Physical Review B 09/2013; 88(9). · 3.66 Impact Factor
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    ABSTRACT: The electronic and magnetic properties of the complexes [Co(terpy)Cl2 ] (1), [Co(terpy)(NCS)2 ] (2), and [Co(terpy)2 ](NCS)2 (3) were investigated. The coordination environment around Co(II) in 1 and 2 leads to a high-spin complex at low temperature and single-molecule magnet properties with multiple relaxation pathways. Changing the ligand field and geometry with an additional terpy ligand leads to spin-crossover behavior in 3 with a gradual transition from high spin to low spin.
    Angewandte Chemie International Edition 09/2013; · 11.34 Impact Factor
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    ABSTRACT: Microwave-assisted synthesis has been used to obtain the family of dodecanuclear Ni(II) complexes [Ni12 (NO3 )(MeO)12 (MeC6 H4 CO2 )9 (MeOH)10 (H2 O)2 ][ClO4 ]2 (1), [Ni12 (NO3 )(MeO)12 (BrC6 H4 CO2 )9 (MeOH)10 (H2 O)2 ][ClO4 ]2 (2), [Ni12 (CO3 )(MeO)12 (MeC6 H4 CO2 )9 (MeOH)10 (H2 O)2 ]2 [SO4 ] (3) and [Ni12 (NO3 )(MeO)12 (MeC6 H4 CO2 )9 (MeOH)8 (H2 O)7 ][NO3 ]2 (4). They contain three {Ni4 O4 } cubane units which template around a central μ6 anion, either NO3 (-) or CO3 (2-) . Their magnetic properties have been studied by superconducting quantum interference device (SQUID) magnetometry and high-field EPR measurements. The nanostructuration of the Ni12 species on mica surfaces is studied by AFM and grazing-incidence X-ray diffraction, which reveal the formation of polycrystalline thin layers.
    Chemistry 05/2013; · 5.93 Impact Factor
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    ABSTRACT: We have performed temperature-dependent electron spin resonance (ESR) measurements of the stable free radical trityl OX063, an efficient polarizing agent for dissolution dynamic nuclear polarization (DNP), at the optimum DNP concentration (15 mM). We have found that (i) when compared to the W-band electron spin-lattice relaxation rate T1e(-1) of other free radicals used in DNP at the same concentration, trityl OX063 has slower T1e(-1) than BDPA and 4-oxo-TEMPO. At T > 20 K, the T1e(-1)vs. T data of trityl OX063 appears to follow a power law dependence close to the Raman process prediction whereas at T < 10 K, electronic relaxation slows and approaches the direct process behaviour. (ii) Gd(3+) doping, a factor known to enhance DNP, of trityl OX063 samples measured at W-band resulted in monotonic increases of T1e(-1) especially at temperatures below 20-40 K while the ESR lineshapes remained essentially unchanged. (iii) The high frequency ESR spectrum can be fitted with an axial g-tensor with a slight g-anisotropy: gx = gy = 2.00319(3) and gz = 2.00258(3). Although the ESR linewidth D monotonically increases with field, the temperature-dependent T1e(-1) is almost unchanged as the ESR frequency is increased from 9.5 GHz to 95 GHz, but becomes faster at 240 GHz and 336 GHz. The ESR properties of trityl OX063 reported here may provide insights into the efficiency of DNP of low-γ nuclei performed at various magnetic fields, from 0.35 T to 12 T.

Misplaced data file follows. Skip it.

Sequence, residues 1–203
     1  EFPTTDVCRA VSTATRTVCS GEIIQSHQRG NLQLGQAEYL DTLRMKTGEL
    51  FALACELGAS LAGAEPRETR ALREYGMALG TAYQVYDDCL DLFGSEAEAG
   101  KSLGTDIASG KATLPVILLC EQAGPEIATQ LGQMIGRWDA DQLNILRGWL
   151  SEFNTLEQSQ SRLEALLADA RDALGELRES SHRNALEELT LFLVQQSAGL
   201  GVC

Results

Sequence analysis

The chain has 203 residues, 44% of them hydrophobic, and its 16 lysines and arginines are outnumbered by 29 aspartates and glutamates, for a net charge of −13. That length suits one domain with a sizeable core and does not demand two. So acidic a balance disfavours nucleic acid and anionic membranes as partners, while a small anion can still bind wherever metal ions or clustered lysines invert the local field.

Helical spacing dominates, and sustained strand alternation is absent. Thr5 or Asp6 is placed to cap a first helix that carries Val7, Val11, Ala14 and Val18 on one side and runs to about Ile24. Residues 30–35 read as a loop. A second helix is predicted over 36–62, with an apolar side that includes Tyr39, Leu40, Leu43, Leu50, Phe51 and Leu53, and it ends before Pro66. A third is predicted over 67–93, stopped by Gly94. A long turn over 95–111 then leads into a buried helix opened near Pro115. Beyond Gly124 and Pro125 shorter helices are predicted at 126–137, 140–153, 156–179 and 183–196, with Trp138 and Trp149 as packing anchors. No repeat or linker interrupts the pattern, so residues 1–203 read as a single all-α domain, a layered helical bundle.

Physical Chemistry Chemical Physics 05/2013; · 3.83 Impact Factor
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    ABSTRACT: In this work we investigated the magnetic anisotropy of a Mn (IV) monomer via axial and rhombic zero field splitting terms D, E. The d^3 ion sits in an octahedral environment in a P 21/c space group. The complex is studied via single crystal and powder HFEPR over a wide range of frequencies 49GHz to 416GHz and temperatures 2 to 60K. The angle dependence at low temperature and frequency (˜88GHz) reveals a minimum of the resonance field, when the long axis of the crystal is along the magnetic field. The same behavior is observed at higher frequency (˜240GHz). Furthermore, pulse EPR experiments in high frequency quasi-optical spectrometer at low temperature (˜1.487K) a spin echo could be observed and we were able to observe the variation of the T2 times as a function of the magnetic field orientation, and as a function of the temperature.
    03/2013;
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    ABSTRACT: The Cavity Perturbation Technique (CPT) is a contact-free technique that measures the change of the characteristics of a cavity resonator upon the introduction of the sample. In this experiment, we study the effect of crystal size with regards to the CPT transmission spectra for a single crystal of the Fe8 single-molecule magnets. It is interesting to study the interaction between these two resonance systems, i. e. a cavity and a crystal of Fe8. We want to know whether it is a quantum mechanical or a classical interaction. The frequency shift and suppression of the cavity Q value increase linearly with increasing sample size. These observations are in agreement with the theoretical expectation for a classical coupling between the Fe8 crystal and the cavity. From cavity perturbation theory, these phenomena may be explained by the following classical formula: δφ/φ =-βχ, where φ is the complex frequency, β is the filling factor that depends on the sample volume and the resonant mode of the cavity, and χ is the complex susceptibility.